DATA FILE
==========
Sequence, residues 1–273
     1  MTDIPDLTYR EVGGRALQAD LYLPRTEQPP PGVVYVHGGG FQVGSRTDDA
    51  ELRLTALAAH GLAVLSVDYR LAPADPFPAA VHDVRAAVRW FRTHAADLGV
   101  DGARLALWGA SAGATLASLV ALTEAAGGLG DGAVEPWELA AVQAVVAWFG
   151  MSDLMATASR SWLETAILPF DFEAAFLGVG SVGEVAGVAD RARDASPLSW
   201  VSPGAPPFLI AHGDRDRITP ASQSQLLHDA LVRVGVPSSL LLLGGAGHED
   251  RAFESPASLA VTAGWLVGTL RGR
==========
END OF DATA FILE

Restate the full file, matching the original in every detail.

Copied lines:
Sequence, residues 1–273
     1  MTDIPDLTYR EVGGRALQAD LYLPRTEQPP PGVVYVHGGG FQVGSRTDDA
    51  ELRLTALAAH GLAVLSVDYR LAPADPFPAA VHDVRAAVRW FRTHAADLGV
   101  DGARLALWGA SAGATLASLV ALTEAAGGLG DGAVEPWELA AVQAVVAWFG
   151  MSDLMATASR SWLETAILPF DFEAAFLGVG SVGEVAGVAD RARDASPLSW
   201  VSPGAPPFLI AHGDRDRITP ASQSQLLHDA LVRVGVPSSL LLLGGAGHED
   251  RAFESPASLA VTAGWLVGTL RGR